Buying a home is a complicated process, and it can be made all the more so by local and state property and tax laws. Understanding your obligations as both a buyer and seller will help you make educated decisions about your property.
Home seller and buyer laws
Texas law requires sellers to fill out an extensive disclosure form regarding the condition and contents of the home. Mandatory disclosures include whether the seller is currently living in the house and, if not, how long it’s been unoccupied. Sellers are also required to note defects in the property, including foundational issues, problems with smoke detectors, broken appliances, pest issues and a range of other concerns of which buyers would want to be aware. The seller must also disclose whether the home is in a propane gas service area and whether there is a lead-paint risk in the house. Federal law mandates the latter for all homes that were built before 1978.
Although foreclosure may be the last thing on your mind when you purchase a home, it is important to understand Texas foreclosure law in case you should find yourself in such a situation. Texas allows both judicial and non-judicial foreclosures. If your mortgage contract gives your lender power of sale — meaning the lender can sell the home to settle the balance of your loan — you’ll likely go through a non-judicial disclosure. But if the lender does not have power of sale, the company will need to go to court before being granted the right to foreclose.
Texas is a community property state, so if you and your spouse divorce, you’re each entitled to half of any property you acquired while you were married. Therefore, you’ll need to negotiate regarding the sale of the house, since you both legally benefit from the proceeds. Bear in mind that because Texas is a community property state, you’ll need to account for your spouse’s debt, too, when buying a home. Even if you choose to apply for a mortgage solely in your name, the lender will factor his or her debt load into your application under community property law if you apply for a USDA, VA or FHA loan.
When you buy a home in Texas, you must work with escrow and title officers. As an escrow state, Texas law requires that you place the money you’re using to buy the property into an escrow account, where it will be held during the closing process. Your escrow officer’s firm cannot use the money in that account for any purpose other than completing your purchase, and the title officer will investigate any liens or potential obstacles to the property transfer. You do not need to hire a closing attorney in Texas, although you may choose to.
One perk of Texas real estate law is that you will not owe real estate transfer taxes when you buy or sell a home. However, if you are buying a home in Texas, make sure all past property taxes on the home are paid before you take ownership. Texas law stipulates that “taxes follow the property,” so you could be liable for any outstanding balances if you don’t verify that the seller has covered them.
Texas offers several property tax exemptions, including a $25,000 homestead exemption that reduces the value of your home for tax purposes. To qualify, the home must be your primary residence and you must have been living in it as of Jan. 1 of the tax year.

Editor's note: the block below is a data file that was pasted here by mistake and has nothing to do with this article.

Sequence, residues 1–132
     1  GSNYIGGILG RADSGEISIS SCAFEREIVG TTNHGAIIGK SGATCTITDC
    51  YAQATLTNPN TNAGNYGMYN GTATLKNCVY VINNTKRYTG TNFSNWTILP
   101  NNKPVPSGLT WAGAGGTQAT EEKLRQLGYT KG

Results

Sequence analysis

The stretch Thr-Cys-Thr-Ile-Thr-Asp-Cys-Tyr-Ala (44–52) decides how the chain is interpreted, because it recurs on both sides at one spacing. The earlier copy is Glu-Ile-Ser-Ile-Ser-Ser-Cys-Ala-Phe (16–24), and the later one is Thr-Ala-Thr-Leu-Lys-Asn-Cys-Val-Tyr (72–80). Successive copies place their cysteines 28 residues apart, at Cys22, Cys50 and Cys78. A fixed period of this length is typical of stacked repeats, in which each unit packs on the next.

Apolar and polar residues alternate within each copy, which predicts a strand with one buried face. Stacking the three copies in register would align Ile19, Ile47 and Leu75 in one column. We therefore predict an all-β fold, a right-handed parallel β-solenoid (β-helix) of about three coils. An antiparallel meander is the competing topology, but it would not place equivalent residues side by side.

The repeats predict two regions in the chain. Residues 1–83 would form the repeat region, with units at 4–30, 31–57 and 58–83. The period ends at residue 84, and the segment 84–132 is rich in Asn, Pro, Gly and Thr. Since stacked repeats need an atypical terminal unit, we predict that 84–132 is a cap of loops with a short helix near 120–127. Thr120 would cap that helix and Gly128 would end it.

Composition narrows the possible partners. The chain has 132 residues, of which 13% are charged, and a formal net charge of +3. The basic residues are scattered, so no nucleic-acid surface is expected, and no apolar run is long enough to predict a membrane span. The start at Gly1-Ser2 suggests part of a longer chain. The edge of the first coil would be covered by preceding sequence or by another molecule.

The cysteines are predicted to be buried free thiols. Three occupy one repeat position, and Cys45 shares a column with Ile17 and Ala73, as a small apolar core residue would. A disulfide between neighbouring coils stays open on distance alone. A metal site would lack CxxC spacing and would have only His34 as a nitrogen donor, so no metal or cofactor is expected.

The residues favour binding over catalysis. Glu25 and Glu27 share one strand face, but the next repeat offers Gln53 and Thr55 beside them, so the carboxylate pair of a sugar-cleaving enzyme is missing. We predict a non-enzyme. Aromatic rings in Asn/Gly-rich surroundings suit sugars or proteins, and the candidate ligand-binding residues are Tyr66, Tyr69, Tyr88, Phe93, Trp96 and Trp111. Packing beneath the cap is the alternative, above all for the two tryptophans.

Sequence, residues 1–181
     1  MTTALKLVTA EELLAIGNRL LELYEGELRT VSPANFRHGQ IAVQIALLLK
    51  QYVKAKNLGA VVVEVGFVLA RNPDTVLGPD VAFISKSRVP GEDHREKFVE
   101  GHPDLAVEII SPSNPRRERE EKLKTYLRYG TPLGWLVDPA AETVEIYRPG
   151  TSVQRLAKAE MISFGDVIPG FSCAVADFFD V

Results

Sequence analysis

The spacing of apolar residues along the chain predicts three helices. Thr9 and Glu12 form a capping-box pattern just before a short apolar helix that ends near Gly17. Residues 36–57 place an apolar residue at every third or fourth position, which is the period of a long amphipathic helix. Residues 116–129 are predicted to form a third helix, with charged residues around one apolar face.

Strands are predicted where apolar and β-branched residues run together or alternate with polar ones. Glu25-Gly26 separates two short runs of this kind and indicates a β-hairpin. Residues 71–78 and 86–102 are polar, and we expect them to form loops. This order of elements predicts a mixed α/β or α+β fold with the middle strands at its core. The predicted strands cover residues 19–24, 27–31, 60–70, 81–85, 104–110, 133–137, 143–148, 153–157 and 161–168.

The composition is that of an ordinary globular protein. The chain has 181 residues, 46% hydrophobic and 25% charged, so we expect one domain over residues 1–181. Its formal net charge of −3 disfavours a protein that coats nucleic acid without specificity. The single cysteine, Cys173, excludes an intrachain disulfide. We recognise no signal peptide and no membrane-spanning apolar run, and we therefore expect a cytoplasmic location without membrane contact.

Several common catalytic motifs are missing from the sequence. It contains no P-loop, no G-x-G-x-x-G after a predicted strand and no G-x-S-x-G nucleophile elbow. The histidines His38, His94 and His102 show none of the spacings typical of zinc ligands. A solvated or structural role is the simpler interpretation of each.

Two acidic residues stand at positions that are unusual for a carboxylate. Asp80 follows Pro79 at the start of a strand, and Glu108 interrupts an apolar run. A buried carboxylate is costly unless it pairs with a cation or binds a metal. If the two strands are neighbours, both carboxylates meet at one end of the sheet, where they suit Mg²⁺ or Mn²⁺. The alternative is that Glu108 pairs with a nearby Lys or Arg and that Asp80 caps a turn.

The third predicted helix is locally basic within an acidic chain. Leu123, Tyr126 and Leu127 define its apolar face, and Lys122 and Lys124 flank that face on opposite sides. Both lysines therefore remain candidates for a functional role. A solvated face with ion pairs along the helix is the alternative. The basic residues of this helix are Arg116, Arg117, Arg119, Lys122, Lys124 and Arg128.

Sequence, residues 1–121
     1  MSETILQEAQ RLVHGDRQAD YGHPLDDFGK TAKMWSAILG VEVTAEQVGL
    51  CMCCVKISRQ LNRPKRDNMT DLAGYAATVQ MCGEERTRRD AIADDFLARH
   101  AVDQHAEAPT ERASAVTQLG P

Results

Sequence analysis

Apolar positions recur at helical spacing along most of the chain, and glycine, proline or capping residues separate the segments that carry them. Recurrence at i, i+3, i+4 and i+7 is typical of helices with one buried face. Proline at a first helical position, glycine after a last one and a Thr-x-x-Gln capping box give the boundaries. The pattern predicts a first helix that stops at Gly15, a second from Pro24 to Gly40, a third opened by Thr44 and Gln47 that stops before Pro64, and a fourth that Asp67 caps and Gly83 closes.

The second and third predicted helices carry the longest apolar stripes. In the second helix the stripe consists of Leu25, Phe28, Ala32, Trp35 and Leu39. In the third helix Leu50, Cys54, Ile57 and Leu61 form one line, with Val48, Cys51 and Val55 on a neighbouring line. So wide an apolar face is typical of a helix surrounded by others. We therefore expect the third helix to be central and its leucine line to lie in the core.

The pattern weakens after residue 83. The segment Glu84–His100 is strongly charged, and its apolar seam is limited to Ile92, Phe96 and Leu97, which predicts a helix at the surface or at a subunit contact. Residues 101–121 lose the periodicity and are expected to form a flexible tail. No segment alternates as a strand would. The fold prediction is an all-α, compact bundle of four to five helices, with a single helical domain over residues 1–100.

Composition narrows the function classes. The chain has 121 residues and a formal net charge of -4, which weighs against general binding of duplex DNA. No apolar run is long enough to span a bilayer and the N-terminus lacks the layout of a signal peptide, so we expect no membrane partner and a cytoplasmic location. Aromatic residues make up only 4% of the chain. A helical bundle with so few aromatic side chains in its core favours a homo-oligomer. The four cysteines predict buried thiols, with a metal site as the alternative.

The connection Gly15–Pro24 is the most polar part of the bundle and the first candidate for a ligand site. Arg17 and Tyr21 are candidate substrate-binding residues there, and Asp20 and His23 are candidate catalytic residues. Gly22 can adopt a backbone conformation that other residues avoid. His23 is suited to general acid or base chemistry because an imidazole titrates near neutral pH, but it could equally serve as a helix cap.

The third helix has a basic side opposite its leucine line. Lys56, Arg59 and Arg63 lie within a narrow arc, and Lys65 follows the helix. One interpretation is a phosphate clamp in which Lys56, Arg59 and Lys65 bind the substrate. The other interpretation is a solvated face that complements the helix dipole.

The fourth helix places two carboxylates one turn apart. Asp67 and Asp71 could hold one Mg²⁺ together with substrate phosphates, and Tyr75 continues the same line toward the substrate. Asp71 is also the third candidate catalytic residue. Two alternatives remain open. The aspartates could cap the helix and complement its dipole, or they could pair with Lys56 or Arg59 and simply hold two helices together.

Homeowners who are 65 and older or have disabilities may be eligible for property tax exemptions that limit the amount of property taxes they must pay annually. Surviving spouses of homeowners who qualified for these exemptions may be able to claim these benefits, too.
Senior citizens and disabled homeowners can also apply for tax deferrals, under which they are not obligated to pay taxes while they live in their homes. The taxes become due when the home is sold.
Veterans who suffer from complete disabilities, as well as their surviving spouses, may qualify for a full exemption of their appraised property values. The benefit does not extend to a veteran’s surviving children.
Texas also offers partial exemptions up to $12,000 for veterans based on their disability ratings, as assigned by the VA. That benefit also extends to the veteran’s spouse and children. To qualify, the veteran must have a disability rating of at least 10%. Once the veteran turns 65, he or she will qualify for the full $12,000 exemption. Disabled veterans and their surviving spouses who receive homes through charitable donations may claim exemptions equal to their disability ratings.
The state also provides a full exemption for surviving spouses of military service members who died in action, provided that the surviving spouse has not remarried.
You can find out more about property tax exemptions in Dallas here.
Those exemptions are particularly meaningful in Texas, which has the third-highest property tax rate in the country, according to Tax-Rates.org. At 1.81%, it’s second only to New Jersey and New Hampshire. Dallas County residents pay a median of $2,827 in property taxes, which is slightly more than the statewide median of $2,275.00 and represents roughly 4.3% of their total annual income. The county isn’t the most expensive to live in, however. That honor goes to King County, where residents pay a median of $5,066 annually in property taxes.
Conforming loan limits
The conforming loan limit in Dallas County is $484,350, which became the statewide limit this year. That number represents the maximum loan amount you can borrow if you want a mortgage backed by government-sponsored entities Fannie Mae and Freddie Mac. For a larger mortgage, you’ll have to opt for a jumbo loan. Jumbo loans provide greater flexibility in spending power, but they often carry stricter lending criteria or higher down payment requirements.